Robins are familiar feathered visitors, but even though they are one of the most common backyard birds, they don’t often visit bird feeders. So what do robins eat, and how can birders provide nutritious and attractive foods for robins?
Natural Foods for Robins
American robins are widespread thrushes, closely related to bluebirds, hermit thrushes, wood thrushes, and Townsend’s solitaires. Like most other thrushes, robins are omnivorous and have a wide-ranging, opportunistic diet that changes with the seasons, habitat, and general availability of different food sources. A robin’s typical diet consists of 40 percent insects and 60 percent fruits, with popular foods such as:
- Earthworms, insect larvae, grubs, caterpillars, and snails
- Spiders, beetles, grasshoppers, termites, crickets, and other insects
- Berries such as blueberries, mulberries, winterberries, juniper, honeysuckle, and holly
- Small tree fruits including cherries, crabapples, chokecherries, dogwood, and hawthorn
- Vine fruits including wild and domesticated grapes
In addition to these foods, American robins have also been recorded as eating eggs, small snakes, frogs, skinks, and small fish, depending on where they are foraging.
In spring and early summer, robins eat more mollusks and insects to provide adequate protein for nesting and feeding hungry hatchlings. In late summer and fall, berries and fruits are more abundant. In winter, robins will eat whatever foods they can find, which often includes leftover fruits and berries still hanging on plants, or else the birds will migrate to where food sources are more readily available.
The time of day when a robin eats has also been noted as affecting the bird’s diet. Earlier in the day when the ground is still wet, these birds find more worms and grubs. Later in the day, robins eat more berries and fruits.
What to Feed Robins in the Yard
Because American robins don’t eat many foods that are common in feeders, providing natural food sources is the best way to attract these birds with tasty treats. In addition to basic bird-friendly landscaping, consider options such as:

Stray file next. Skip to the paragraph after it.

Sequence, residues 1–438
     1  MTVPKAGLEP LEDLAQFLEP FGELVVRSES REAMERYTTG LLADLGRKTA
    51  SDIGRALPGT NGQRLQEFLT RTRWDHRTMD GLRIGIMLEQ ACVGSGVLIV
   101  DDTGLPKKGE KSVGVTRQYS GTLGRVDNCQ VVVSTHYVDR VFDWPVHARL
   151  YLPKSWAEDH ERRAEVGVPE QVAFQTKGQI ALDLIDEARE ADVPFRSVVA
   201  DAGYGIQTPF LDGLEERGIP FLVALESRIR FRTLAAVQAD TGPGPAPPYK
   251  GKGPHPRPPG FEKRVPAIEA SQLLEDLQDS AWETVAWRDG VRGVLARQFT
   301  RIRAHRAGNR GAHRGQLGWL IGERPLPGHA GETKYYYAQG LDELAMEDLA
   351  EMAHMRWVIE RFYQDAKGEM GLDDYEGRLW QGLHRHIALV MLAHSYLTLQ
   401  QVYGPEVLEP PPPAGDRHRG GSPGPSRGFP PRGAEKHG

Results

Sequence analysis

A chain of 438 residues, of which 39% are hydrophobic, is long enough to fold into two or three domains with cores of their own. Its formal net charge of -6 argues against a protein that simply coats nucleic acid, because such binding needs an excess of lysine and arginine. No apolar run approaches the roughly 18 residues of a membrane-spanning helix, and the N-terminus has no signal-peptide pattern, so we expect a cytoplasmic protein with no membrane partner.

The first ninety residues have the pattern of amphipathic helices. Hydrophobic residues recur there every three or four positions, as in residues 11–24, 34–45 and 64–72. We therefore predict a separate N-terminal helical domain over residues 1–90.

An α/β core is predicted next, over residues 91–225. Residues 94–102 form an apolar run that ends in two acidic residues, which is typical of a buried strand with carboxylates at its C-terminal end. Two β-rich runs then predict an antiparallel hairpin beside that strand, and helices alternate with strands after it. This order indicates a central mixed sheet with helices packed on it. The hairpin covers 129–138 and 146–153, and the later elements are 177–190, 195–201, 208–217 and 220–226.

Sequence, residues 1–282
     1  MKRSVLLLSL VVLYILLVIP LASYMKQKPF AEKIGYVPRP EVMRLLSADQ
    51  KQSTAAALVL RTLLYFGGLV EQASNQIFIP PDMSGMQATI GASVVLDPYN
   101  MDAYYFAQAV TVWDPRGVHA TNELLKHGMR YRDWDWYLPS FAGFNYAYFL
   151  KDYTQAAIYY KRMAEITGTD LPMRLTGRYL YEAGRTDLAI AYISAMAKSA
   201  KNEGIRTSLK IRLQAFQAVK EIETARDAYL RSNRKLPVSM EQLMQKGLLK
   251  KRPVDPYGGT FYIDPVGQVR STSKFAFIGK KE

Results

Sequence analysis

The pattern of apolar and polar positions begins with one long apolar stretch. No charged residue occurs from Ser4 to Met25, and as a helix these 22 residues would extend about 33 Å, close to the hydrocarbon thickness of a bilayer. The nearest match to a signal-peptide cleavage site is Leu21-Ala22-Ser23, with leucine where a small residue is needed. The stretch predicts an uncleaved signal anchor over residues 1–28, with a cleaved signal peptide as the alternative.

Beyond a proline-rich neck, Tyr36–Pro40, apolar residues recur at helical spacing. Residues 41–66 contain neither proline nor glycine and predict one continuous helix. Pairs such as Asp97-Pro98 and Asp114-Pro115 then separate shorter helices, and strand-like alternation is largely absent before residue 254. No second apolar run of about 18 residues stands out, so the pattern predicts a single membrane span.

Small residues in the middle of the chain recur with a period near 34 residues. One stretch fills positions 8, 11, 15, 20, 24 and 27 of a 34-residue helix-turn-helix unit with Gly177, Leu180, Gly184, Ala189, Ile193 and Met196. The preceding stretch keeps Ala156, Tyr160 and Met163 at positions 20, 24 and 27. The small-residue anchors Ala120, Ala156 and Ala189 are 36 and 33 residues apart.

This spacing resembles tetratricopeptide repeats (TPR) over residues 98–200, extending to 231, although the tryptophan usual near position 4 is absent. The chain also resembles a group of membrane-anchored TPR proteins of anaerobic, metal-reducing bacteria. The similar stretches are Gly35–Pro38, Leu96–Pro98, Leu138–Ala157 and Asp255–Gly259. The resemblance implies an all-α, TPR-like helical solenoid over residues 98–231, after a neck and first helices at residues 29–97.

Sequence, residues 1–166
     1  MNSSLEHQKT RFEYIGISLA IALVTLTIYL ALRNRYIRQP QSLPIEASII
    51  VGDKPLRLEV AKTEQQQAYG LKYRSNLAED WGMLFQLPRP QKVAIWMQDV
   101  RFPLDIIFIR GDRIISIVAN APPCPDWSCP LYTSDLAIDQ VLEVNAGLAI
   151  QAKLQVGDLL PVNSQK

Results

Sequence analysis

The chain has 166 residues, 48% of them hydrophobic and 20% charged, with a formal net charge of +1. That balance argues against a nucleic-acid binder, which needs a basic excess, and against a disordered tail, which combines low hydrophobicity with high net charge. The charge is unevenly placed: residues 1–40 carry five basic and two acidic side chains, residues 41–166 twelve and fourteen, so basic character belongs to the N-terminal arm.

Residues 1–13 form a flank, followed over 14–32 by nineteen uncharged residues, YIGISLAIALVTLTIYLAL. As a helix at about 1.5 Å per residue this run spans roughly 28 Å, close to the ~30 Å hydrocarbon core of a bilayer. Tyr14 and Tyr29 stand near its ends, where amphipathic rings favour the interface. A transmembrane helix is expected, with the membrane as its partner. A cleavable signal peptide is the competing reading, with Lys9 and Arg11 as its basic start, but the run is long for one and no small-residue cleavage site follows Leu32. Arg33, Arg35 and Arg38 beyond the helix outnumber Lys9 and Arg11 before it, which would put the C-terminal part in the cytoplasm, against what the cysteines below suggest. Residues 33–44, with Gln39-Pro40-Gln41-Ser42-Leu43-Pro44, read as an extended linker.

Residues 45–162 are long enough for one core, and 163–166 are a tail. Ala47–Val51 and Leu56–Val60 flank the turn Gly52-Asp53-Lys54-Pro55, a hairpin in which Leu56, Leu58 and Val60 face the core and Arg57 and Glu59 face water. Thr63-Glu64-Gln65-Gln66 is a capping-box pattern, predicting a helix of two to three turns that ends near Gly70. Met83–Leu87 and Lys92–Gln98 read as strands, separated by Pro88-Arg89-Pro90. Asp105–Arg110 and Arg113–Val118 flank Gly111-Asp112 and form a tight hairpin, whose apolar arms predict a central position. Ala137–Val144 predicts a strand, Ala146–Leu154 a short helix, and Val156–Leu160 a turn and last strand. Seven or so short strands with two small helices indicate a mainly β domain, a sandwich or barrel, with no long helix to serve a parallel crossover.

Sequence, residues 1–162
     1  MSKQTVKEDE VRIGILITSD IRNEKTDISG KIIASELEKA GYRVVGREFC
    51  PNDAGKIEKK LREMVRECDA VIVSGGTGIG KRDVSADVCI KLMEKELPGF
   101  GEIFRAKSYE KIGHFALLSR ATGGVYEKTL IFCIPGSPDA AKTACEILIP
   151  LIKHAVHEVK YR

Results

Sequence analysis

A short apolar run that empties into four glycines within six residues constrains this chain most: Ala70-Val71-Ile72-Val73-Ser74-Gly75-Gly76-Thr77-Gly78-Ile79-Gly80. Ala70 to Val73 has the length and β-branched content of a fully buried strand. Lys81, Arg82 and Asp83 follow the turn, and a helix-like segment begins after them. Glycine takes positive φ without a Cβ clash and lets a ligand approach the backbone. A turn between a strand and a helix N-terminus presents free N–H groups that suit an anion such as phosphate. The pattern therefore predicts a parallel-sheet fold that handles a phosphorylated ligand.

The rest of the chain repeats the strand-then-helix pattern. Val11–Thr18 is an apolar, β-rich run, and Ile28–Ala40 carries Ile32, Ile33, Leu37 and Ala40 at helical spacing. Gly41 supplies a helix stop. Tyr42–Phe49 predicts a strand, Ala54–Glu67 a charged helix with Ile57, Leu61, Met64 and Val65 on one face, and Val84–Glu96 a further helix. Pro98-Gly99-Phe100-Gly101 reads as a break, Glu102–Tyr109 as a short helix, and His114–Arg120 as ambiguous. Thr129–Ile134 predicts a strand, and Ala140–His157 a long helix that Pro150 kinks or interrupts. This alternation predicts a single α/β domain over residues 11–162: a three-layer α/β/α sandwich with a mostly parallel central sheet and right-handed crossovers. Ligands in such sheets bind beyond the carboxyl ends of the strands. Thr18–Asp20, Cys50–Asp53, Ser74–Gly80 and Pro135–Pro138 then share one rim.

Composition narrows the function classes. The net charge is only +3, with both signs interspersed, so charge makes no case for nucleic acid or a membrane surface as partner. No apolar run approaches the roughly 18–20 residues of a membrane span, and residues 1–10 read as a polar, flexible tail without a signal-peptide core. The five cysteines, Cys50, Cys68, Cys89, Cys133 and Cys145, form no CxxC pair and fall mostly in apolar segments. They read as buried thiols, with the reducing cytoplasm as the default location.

- Use berry-producing juniper hedges for a fence or privacy barrier
- Plant crabapple or cherry trees for their beautiful spring blossoms and abundant fruit
- Add a grapevine along a fence to cover the structure and provide a food source
- Use bird-friendly mulch or leave leaf litter intact for foraging robins
- Plant holly bushes in landscaping beds or underneath trees
- Reduce insecticide use to encourage birds to naturally control pests
- Water the lawn in the early morning to bring earthworms to the surface
- Keep grass mowed shorter to allow robins to forage more easily
These few steps can provide a bountiful natural feast for robins, but with the right foods, they will also visit feeders. Provide chunks of fruit, such as apples and pears, as well as softened raisins or cranberries for the birds to sample. Suet chunks, nuggets, or shreds can also tempt American robins, and they will sample peanut hearts, hulled sunflower seed, mealworms, and jelly.
Use broad, open tray, platform, or dish feeders to accommodate robins at feeding stations. Because these are larger birds, they are more comfortable at generous feeders, and because they may travel in flocks, it is best to have plenty of space for robins to visit. Ideally, feeders should be placed on or near the ground, as these birds are more comfortable foraging on the ground. For a fun option, try a bird feeder garland on trees or shrubs where robins are used to feeding, and they will happily enjoy the decorative treat.
What American Robins Won’t Eat
While there are many things robins will sample in the yard, it is equally important to note what foods they won’t eat. American robins do not eat many seeds, and won’t regularly visit feeders offering Nyjer seed, hummingbird nectar, mixed birdseed, cracked corn, safflower seed, or whole peanuts. They may initially try these foods, but aren’t likely to return and be frequent guests if other foods are available. Of course, birders who offer a wide range of foods can supply not only robins’ favorite options, but also foods to attract many other birds as well.
A Note About the European Robin
While the American robin is one of the most popular and familiar birds in North America, it must be noted that the European robin is also one of the most popular and familiar birds throughout Europe. While the European robin is not a thrush and is not closely related to the American robin, it does share similar dietary preferences. The same types of natural foods, including worms, insects, fruit, and berries, will be just as attractive to European robins as they are to American robins, though it is best to choose plant varieties that are native to each birds’ range to attract and feed different robins.
Robins eat a wide variety of foods, and birders who are aware of these birds’ broad diets can more easily offer many different foods in their yard to attract and nurture robins all year long.